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Opened 7 years ago

Last modified 3 days ago

#12423 reopened feature request

Include Ace (or similar) as default code editor

Reported by: scribu Owned by:
Milestone: 4.8 Priority: normal
Severity: normal Version: 3.0
Component: Editor Keywords: needs-patch
Focuses: Cc:

Description

We've dropped CodePress since it wasn't quite up to par in regards to browser compatibility.

How about using Bespin for editing plugin and theme files?

Change History (20)

#1 @scribu
7 years ago

There's already a plugin that does this (on a separate admin page):

Better File Editor

#2 follow-up: @c00l2sv
7 years ago

Bespin has poor support for non HTML5 browsers [1].

What about CodeMirror [2]?
Pretty active development and cross-browser support, bsd-like license [3], clean look[4].

[1] https://wiki.mozilla.org/Labs/Bespin/UserGuide#Requisites
[2] http://marijn.haverbeke.nl/codemirror/
[3] http://marijn.haverbeke.nl/codemirror/LICENSE
[4] http://marijn.haverbeke.nl/codemirror/contrib/php/index.html

#3 @nacin
7 years ago

I've also been looking at EditArea. http://sourceforge.net/projects/editarea/

#4 @jane
7 years ago

I was at a panel with one of the guys behind Bespin last week and he said flat out that Bespin was created knowing that they didn't have to worry about IE based on their audience. It was a Canvas vs Flash panel at sxsw, and though it looked cool, it looked very niche in availability based on our general audience browser stats. I don't think we can use Bespin unless we are going to try and be trailblazers for Canvas/HTML5 and basically pull an early-2000s web standards trick and just say 'your browser sucks, upgrade,' which is sometimes tempting, but would be a bummer for users who don't get to install software on their machines and are stuck with pre-9 IE (schools, libraries, government agencies, etc). Injecting a Chrome frame into IE is their workaround I think.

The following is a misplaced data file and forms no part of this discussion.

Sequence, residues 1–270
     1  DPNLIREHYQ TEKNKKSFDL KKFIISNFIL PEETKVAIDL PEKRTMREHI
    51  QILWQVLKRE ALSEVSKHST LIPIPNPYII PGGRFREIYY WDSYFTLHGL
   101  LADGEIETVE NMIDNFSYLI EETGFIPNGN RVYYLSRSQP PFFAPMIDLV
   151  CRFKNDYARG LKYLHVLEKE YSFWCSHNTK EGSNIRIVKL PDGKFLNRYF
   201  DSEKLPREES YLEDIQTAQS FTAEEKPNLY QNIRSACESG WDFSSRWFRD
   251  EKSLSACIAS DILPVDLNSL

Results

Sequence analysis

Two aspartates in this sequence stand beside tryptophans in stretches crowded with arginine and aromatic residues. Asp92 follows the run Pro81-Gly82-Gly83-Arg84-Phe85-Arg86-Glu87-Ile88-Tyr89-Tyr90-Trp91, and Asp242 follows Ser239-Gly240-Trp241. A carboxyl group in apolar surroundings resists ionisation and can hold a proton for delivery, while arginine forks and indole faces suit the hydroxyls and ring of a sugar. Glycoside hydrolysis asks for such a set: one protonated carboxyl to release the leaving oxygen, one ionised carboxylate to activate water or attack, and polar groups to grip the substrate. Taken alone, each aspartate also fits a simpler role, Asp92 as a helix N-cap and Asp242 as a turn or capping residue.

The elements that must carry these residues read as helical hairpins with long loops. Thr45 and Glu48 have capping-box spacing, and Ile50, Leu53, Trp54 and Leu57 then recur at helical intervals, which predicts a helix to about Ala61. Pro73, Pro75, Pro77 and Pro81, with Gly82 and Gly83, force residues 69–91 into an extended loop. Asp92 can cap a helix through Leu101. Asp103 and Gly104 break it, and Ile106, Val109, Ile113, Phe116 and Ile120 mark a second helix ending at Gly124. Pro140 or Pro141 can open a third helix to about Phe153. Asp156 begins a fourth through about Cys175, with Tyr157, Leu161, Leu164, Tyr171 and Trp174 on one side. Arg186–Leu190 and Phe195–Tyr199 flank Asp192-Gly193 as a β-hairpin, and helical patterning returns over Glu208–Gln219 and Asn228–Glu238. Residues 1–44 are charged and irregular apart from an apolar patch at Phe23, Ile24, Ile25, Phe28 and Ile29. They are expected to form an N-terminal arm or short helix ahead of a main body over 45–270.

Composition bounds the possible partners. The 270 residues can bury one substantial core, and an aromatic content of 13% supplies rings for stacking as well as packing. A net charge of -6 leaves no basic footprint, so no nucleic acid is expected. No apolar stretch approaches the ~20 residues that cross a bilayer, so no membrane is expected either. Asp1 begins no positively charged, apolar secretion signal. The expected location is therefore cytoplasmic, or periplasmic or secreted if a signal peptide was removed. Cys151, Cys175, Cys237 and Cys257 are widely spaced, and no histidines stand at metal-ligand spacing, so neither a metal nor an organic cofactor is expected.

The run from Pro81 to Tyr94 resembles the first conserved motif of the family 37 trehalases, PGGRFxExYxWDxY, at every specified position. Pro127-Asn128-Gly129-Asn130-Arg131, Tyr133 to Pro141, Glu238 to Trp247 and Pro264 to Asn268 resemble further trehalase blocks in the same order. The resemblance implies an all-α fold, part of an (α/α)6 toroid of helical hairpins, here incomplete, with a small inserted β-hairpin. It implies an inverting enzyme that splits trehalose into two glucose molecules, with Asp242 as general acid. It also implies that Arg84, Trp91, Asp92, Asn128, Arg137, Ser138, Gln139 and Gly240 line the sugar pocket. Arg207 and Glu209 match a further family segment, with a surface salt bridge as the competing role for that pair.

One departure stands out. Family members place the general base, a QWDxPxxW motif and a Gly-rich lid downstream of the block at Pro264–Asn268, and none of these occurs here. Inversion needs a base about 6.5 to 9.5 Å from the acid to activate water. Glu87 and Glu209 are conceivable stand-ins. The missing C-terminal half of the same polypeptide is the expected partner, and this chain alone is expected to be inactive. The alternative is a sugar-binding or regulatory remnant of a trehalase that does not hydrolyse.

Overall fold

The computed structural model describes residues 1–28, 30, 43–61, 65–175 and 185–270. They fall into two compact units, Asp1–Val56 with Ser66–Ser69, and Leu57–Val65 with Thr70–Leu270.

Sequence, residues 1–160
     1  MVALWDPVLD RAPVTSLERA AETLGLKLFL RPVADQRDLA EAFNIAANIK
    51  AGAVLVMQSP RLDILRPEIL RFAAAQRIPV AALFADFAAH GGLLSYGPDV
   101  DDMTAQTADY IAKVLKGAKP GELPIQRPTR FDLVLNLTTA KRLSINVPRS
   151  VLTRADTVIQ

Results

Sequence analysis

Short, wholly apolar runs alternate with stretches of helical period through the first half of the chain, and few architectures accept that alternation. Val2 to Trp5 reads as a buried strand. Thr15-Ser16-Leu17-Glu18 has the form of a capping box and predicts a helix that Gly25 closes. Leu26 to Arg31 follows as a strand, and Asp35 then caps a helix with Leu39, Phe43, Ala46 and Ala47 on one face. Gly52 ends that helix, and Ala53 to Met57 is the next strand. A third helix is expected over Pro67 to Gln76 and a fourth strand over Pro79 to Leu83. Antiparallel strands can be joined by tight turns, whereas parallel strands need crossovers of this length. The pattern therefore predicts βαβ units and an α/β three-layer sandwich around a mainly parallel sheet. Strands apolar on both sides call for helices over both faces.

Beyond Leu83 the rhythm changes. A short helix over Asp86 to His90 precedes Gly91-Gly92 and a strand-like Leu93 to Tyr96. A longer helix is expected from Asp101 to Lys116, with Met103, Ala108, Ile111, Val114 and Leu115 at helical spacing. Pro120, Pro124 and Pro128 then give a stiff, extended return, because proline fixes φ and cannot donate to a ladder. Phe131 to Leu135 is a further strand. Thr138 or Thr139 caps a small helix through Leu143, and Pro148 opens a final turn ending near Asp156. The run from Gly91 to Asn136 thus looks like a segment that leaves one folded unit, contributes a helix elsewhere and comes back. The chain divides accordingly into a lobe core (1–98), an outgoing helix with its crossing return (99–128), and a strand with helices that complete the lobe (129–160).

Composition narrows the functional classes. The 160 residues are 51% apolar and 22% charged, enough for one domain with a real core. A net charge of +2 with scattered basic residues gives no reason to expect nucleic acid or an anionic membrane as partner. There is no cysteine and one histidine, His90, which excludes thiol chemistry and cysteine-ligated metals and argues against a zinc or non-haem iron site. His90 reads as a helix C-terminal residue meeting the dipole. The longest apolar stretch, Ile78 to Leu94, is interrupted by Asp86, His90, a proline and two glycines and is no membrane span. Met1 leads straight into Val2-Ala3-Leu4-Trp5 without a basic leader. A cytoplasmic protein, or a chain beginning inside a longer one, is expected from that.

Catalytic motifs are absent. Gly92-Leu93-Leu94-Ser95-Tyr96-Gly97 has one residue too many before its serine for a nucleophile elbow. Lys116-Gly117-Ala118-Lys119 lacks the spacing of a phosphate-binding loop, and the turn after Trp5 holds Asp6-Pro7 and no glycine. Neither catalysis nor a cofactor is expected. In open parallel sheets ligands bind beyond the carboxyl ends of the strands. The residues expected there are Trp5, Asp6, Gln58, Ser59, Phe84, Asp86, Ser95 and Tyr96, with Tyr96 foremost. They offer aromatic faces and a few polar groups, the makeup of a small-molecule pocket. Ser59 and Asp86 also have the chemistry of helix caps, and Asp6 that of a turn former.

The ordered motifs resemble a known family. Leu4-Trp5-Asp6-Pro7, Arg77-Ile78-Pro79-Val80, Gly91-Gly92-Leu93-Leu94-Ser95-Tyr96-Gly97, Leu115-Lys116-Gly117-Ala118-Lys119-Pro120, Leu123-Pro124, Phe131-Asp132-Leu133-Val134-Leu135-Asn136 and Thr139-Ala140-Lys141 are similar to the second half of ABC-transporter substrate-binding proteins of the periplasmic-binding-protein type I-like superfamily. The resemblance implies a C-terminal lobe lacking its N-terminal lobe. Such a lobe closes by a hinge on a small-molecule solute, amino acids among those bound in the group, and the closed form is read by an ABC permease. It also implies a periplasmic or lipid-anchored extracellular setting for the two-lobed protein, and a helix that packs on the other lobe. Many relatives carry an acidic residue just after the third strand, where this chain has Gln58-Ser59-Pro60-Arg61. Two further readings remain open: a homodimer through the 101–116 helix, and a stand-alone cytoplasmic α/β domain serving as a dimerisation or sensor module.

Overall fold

#6 in reply to: ↑ 5 @nacin
7 years ago

  • Milestone changed from 3.1 to Future Release

Replying to c00l2sv:

Also found this: http://shjs.sourceforge.net/

General thoughts here. By all means, we should identify and test as many projects as possible. That said, I don't think we want to repeat mistakes made with CodePress in regards to project activity. http://shjs.sourceforge.net/ has only one maintainer (as does EditArea and countless others) though it also hasn't had a release since 2008.

It would be naive to think that just because a project supports IE6 now, it'll always support every presumably more standards-compliant browser in the future (not to mention future standards). Aside from that, inclusion in WordPress would reveal existing bugs thanks to a larger userbase.

Finding an active (and willing) project should be as important an objective as finding one that works cross-browser.

#7 @c00l2sv
7 years ago

What are the chances to fork an existing project and maintain it exclusively for WordPress (patching and bug fixing if problems arise)?

#8 @mitchoyoshitaka
6 years ago

  • Summary changed from Include Bespin as default code editor to Include Ace (or similar) as default code editor

Bespin, which became SkyWriter, now has merged with and is superceded by Ace. Ace doesn't require canvas for its rendering engine. It is tri-licensed (MPL/GPL/LGPL).

#9 @mitchoyoshitaka
6 years ago

  • Cc mitchoyoshitaka added

#10 @aurimas
6 years ago

  • Cc aurimas added

#11 @mitchoyoshitaka
5 years ago

FWIW, note that Mozilla themselves have decided not to use Ace wholesale for integration into the browser for Firefox's DevTools initiative (think native Firebug).

More info on that decision here:
https://wiki.mozilla.org/DevTools/Features/CodeEditor#Evaluating_the_Options

The bug for their work on integrating their winner, the Orion code editor, into fx is here:
https://bugzilla.mozilla.org/show_bug.cgi?id=660784

#12 in reply to: ↑ 2 @WraithKenny
5 years ago

Replying to c00l2sv:

What about CodeMirror [2]?
Pretty active development and cross-browser support, bsd-like license [3], clean look[4].

I've been using CodeMirror in Scripts-n-Styles and like it alot. The best feature is mixed-mode support so that script and style tags are appropriately highlighted in html which in turn is highlighted in a php file which is properly highlighted.

#13 @WraithKenny
5 years ago

CodeMirror is a solid and unobtrusive editor (degrades gracefully, ie, doesn't impact without javascript) which is simple to include into the plugin/theme editor pages. For example, I've quickly integrated it into Scripts-n-Styles to see what would be involved (and because I thought it'd be useful):

https://github.com/unFocus/Scripts-n-Styles/blob/master/js/code-editor.js
https://github.com/unFocus/Scripts-n-Styles/blob/master/includes/class.SnS_Admin_Code_Editor.php
https://github.com/unFocus/Scripts-n-Styles/blob/master/css/code-editor.css

The CodeMirror part of it works great (though there are bugs in the wp side of the editor). There are also quite a few other plugins that configure CodeMirror in more advanced ways, to include Search-n-Replace, Auto-complete, and more. (This also means it is somewhat tested in the wordpress environment.)

CodeMirror is open and actively developed https://github.com/marijnh/CodeMirror2/graphs/impact